By Tessa Fallon
The web has given human rights organizations unprecedented access to global audiences. However a website will last only as long as funds are available for maintenance and hosting. Leaving aside practical challenges which exist for every website, in many places there is also the possibility of sabotage or attempts to remove a human rights-related website by opponents, religious, ideological, governmental or otherwise. Examples include denial-of-service attacks or in the most extreme case, the cutoff of all Internet service providers (the Internet “kill” switch).
In 2009, Columbia University Libraries received a grant from the Mellon Foundation to explore web archiving program development. The collection at the center of our web archiving program is the Human Rights Web Archive. The initial and prevailing focus of this collection is websites of human rights NGOs. As the project progresses, we have also included national human rights institutions, truth commissions, tribunals, and blogs related to human rights.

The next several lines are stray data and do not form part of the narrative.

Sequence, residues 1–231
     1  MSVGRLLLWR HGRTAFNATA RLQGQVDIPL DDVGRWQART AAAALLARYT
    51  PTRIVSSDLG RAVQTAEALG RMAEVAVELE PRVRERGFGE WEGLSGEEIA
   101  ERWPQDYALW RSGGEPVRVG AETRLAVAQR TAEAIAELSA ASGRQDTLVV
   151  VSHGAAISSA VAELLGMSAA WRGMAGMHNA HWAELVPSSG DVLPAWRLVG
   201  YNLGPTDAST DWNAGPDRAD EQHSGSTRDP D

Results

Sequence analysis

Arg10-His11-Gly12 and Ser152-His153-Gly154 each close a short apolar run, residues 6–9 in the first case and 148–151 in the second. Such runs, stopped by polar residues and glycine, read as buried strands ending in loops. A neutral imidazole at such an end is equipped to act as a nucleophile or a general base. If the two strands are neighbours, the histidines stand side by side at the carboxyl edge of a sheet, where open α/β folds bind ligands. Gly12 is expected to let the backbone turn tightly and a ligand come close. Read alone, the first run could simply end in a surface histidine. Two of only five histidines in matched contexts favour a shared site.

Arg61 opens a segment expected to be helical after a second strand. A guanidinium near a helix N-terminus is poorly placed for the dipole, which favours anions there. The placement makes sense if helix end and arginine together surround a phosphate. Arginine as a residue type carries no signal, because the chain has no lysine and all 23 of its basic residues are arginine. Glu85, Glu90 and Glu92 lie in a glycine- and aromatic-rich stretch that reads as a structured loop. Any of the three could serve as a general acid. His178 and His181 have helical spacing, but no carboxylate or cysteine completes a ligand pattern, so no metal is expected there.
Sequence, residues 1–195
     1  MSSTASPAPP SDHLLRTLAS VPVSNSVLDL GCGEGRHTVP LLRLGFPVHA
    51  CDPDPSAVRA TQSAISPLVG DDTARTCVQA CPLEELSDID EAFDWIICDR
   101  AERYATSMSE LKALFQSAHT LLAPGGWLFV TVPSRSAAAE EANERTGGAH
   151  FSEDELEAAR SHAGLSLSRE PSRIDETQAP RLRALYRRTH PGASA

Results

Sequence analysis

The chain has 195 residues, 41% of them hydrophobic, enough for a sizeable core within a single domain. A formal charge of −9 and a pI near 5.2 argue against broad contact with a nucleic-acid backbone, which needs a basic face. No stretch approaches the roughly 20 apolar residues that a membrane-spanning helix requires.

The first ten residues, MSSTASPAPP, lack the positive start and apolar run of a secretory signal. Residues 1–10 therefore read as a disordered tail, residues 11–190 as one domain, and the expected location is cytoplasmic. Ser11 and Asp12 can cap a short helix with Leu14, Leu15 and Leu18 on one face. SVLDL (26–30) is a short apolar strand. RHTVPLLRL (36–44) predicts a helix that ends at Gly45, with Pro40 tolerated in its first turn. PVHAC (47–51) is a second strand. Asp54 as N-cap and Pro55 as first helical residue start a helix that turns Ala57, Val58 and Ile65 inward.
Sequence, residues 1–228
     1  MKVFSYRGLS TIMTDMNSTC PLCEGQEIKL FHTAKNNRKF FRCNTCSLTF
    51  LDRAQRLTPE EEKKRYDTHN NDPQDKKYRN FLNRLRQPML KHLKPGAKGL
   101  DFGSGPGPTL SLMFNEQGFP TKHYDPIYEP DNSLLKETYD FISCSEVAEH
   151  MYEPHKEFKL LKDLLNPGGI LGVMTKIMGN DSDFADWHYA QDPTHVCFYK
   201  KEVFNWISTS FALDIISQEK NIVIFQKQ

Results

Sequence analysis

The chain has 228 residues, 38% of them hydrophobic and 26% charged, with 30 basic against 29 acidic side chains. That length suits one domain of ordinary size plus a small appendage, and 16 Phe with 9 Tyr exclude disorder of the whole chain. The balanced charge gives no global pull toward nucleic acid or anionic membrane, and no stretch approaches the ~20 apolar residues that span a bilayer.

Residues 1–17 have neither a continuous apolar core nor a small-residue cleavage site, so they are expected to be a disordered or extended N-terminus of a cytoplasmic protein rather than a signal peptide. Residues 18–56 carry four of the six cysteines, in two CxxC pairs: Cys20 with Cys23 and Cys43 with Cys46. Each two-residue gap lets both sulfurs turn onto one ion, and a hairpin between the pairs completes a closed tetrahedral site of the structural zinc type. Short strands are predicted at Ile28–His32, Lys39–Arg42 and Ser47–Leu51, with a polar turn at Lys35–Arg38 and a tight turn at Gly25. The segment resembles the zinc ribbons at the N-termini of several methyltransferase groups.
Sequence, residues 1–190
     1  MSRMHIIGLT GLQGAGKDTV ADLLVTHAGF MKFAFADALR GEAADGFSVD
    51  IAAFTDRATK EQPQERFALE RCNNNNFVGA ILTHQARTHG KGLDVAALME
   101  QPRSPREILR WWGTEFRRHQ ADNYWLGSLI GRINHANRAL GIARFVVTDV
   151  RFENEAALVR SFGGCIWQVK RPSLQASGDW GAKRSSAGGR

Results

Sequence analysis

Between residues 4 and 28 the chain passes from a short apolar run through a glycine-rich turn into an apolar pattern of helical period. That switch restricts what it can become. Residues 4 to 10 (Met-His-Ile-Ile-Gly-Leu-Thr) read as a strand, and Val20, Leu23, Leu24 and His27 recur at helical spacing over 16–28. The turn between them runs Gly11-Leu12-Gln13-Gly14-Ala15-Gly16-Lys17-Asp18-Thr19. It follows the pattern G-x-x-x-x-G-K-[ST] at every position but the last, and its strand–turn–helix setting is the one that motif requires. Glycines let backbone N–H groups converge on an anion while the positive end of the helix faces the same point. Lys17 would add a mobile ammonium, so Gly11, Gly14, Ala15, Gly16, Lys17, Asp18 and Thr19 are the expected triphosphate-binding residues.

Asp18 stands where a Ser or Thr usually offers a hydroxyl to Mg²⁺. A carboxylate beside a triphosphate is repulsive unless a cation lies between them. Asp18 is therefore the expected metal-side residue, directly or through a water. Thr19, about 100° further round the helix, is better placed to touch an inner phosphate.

Web archiving may be defined as the selection, harvesting, and preservation of web sites. An archived website is more than a snapshot of a website: it is a working copy of a website as it existed at the time of capture. Sites are captured by a web crawler (such as Heritrix) and then displayed using specialized software (such as the WayBack Machine). We currently crawl the sites of the Human Rights Web Archive four times a year. For active sites, there may exist 12 captures of a single site at different points in time.
Why are we doing this? In brief, to preserve online resources for future researchers and activists. Archiving the sites of human rights organizations ensures, to a certain degree, that the website content will be preserved in the context of the original site, and will be accessible even if the original site becomes unavailable. As with all things digital, long-term preservation is still very much an open question, but web archiving is a step towards an additional degree of protection. In our case, our data will persevere as long as the Internet Archive does, stored in WARC (Web ARChive) files, an international standard.